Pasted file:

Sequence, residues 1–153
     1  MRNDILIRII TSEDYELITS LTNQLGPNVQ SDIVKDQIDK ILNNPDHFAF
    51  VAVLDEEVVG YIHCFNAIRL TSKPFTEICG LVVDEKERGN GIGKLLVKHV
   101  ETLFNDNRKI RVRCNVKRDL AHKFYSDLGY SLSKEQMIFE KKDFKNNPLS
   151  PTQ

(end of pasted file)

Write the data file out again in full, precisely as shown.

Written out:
Sequence, residues 1–153
     1  MRNDILIRII TSEDYELITS LTNQLGPNVQ SDIVKDQIDK ILNNPDHFAF
    51  VAVLDEEVVG YIHCFNAIRL TSKPFTEICG LVVDEKERGN GIGKLLVKHV
   101  ETLFNDNRKI RVRCNVKRDL AHKFYSDLGY SLSKEQMIFE KKDFKNNPLS
   151  PTQ